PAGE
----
Turn off the Spigot
Many people know California for the bright and shiny things: gold, Hollywood dresses, computer chips. While driving along its state highways, Maya Weeks traces her memories of a different California: one of oil refineries, landfills, and family feuds.
Every time I drive between Oakland and my hometown in San Luis Obispo County, California, I pass a drilling site outside of San Ardo on US Route 101. Although many drilling sites are right alongside public roads, the infrastructure is designed to prevent people from stopping and looking at where oil is drawn out of reserves. But if you stop and look, you can see oil rigs pumping, numbered tanks for storing crude oil, roads carved in the ground for trucks to traverse the sites, and more.
On one of my now-countless moves back, I stop to take some pictures. It’s overcast, raining slightly. This year California has flipped from drought to flooding. It’s greener than I’ve ever seen it, and there’s water in the Salinas river, which, during rainy years, drains to the Monterey Bay. Oil on trains moves to the ocean. Commodities travel to land. Even on land that looks strictly agricultural, it’s pretty easy to tell where the petroleum industry is situated. There are red flags and yellow pipes and tan paint marking the sites of extraction. Even though I don’t really know what I’m looking at, in Kings County, oil and water are reconstituted in the form of agriculture and fertilizer everywhere. There is oil and water in the almond trees starting to blossom in the late winter and in the scents in the air.
I get back in the car and start the engine. I remember driving past huge fields of oil rigs on my way through Bakersfield, where my dad grew up, to Iowa a few summers ago. On that trip, I’d taken California State Route 46 to California State Route 58. On both roads, oak- and scrub-filled hills are interspersed with oil infrastructure. I head east on 46 to follow my memory – past a father with debilitating mental illness; grandparents, aunts, uncles, and cousins with whom I have no relationship because of histories of abuse; and a Native great-great-grandmother displaced from the Great Plains.
About half an hour from Paso Robles I drive past a fire on the side of the road. The fire freaks me out. It appears to be Caltrans workers burning off petroleum from a pipeline. I turn around and head east on State Route 41 instead, then turn south onto State Route 33 towards Taft, the entire Kern County portion of which is nicknamed the Petroleum Highway. I am doing things that don’t really make sense. Having grown up in drought in earthquake country, fire – which can devastate a home, a town, a region, in mere moments – scares me more than most things. This spigot looks like it could leap out of the workers’ control at any second.
I give up on trying to find Bakersfield, the oil capital of California, and head home.
A few weeks go by. I work. I take pictures of cacti and trees. It keeps raining. I go surfing. I write stories and edit marketing material and send and respond to pitches and give a talk and prepare to lobby the California legislature on behalf of the oceans. I head for Bakersfield again, this time taking the 58 – maybe I misremembered the location of the field I thought was on the 46. I listen to the radio. Oil prices are sliding. I love the sharp turns and gnarled trees on the 58, and I take more pictures, often focusing my camera on places where the so-called “natural” landscape is interrupted by so-called “unnatural” infrastructure. My photographs are full of power lines and transformers and satellite receivers, buildings housing transpacific cable termini and sites where these cables enter the Pacific Ocean. Sometimes I try to get away from this particular line of inquisition, but right now, I am looking for oil rigs on rich dirt. Many people come to California for the bright and shiny things: gold, Hollywood dresses, computer chips, but that’s not how most of us make our livings.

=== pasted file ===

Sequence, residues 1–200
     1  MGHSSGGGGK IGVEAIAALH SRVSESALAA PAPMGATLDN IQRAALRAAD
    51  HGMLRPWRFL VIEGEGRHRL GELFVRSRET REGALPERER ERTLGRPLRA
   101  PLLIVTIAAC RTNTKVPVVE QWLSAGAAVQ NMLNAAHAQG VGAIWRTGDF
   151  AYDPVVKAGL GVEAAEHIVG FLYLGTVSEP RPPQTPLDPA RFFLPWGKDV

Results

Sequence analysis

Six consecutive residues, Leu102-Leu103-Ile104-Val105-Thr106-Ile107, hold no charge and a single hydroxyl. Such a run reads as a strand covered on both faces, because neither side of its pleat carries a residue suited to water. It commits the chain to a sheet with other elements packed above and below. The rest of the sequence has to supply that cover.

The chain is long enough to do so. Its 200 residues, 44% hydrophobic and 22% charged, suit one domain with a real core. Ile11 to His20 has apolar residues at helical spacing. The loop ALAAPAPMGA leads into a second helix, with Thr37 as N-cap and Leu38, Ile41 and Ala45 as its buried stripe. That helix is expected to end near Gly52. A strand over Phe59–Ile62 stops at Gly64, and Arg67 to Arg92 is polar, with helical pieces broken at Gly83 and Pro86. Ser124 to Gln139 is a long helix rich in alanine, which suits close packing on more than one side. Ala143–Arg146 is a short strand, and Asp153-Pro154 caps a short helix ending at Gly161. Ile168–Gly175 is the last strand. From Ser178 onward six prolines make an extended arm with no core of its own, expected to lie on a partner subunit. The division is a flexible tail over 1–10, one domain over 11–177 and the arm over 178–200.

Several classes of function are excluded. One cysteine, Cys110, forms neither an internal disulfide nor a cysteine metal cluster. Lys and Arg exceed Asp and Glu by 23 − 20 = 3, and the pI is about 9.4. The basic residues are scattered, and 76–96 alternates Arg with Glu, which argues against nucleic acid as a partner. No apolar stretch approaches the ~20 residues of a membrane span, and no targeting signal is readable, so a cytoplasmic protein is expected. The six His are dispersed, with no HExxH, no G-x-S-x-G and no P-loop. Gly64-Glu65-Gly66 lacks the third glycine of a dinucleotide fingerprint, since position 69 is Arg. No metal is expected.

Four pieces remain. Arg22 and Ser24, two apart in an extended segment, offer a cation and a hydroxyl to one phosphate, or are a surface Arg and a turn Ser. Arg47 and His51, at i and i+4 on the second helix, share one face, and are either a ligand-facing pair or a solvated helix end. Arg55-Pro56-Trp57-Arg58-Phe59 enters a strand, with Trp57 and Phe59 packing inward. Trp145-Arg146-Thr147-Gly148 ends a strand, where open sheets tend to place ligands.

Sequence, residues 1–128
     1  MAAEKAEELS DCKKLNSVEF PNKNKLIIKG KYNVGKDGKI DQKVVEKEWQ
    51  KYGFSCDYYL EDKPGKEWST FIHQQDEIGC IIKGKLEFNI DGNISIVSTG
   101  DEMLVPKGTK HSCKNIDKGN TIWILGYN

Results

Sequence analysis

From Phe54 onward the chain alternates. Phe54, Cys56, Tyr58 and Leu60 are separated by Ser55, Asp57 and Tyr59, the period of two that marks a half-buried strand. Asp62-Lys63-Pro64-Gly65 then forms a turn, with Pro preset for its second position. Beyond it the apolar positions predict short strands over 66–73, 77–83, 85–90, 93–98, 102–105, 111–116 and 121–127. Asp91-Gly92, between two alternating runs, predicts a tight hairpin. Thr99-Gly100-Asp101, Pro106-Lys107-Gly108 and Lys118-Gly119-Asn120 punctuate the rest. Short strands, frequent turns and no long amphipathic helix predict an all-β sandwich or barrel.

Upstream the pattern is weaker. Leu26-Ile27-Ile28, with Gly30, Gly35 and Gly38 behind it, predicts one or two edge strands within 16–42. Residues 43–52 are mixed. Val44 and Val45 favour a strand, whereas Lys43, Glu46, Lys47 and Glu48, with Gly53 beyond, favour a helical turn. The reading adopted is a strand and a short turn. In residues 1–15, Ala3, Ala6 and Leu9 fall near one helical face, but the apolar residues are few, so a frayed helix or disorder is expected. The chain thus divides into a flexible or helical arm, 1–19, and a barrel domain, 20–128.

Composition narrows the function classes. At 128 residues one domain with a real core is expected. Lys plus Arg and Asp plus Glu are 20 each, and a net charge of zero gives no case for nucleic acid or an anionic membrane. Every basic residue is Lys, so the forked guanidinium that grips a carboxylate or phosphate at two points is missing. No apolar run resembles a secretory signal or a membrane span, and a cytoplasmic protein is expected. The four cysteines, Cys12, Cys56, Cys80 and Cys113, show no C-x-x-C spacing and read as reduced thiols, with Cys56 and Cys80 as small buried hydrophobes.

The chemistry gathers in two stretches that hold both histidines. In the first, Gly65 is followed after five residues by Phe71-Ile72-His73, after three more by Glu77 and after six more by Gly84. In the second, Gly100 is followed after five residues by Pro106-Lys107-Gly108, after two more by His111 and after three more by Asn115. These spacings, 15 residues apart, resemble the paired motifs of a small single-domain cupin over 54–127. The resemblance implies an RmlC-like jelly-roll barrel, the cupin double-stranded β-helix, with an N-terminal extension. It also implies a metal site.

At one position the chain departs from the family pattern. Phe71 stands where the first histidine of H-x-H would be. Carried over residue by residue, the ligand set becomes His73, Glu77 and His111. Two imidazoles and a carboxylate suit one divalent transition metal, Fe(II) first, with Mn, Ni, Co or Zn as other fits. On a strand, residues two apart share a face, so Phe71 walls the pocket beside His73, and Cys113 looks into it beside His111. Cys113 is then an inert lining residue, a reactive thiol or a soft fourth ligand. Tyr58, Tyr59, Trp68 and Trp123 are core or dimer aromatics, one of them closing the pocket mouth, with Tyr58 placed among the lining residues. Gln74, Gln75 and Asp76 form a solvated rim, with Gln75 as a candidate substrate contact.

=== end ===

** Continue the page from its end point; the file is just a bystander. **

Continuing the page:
There is a junction on the edge of McKittrick where the oil fields and a landfill converge. For the moment I pass through it, I am with all my loves, or at least my two primary research interests, at the same time: trash and oil. My interest in trash came out of my unquenchable love for the increasingly-polluted ocean; oil is the primary source material for this pollution and also the fuel for transporting these goods. Trash and oil are, often, two sides of the same coin, which is why it’s so exciting for me to think about them together. The fossil fuel economy is based on disposability and planned obsolescence; without producing massive amounts of waste in the form of single-use plastics, this economy wouldn’t be viable.
My great-great-grandma, who died in the Mojave, was Native and from the Great Plains, although no one knows which tribe. When I was younger I was told she was Choctaw, but last year my dad told me she might have been Creek. I was talking to a friend who is Native about this and she said it’s part of the abuse we inherit. My great-great-grandma’s grandson – my grandpa on my dad’s side – became a cop, beat his children, and then became a child therapist. You can see why playing the role of grandchild was difficult, and without elders to rely on (I’ve never met my mom’s mom, and my mom’s dad has been dead since I was ten or so), it’s been hard to figure out who I am. For years, I’ve been housesitting, subletting, and freelancing. One of the effects of the precarity I live with – in the forms of moving from place to place, fragmented work, and social mentalities of scarcity I’ve encountered in various communities derived from economy of oil – is a pressing need to find roots. For now, I keep moving, staring out onto the horizon with a shipping container in one eye and a glob of trash in the other.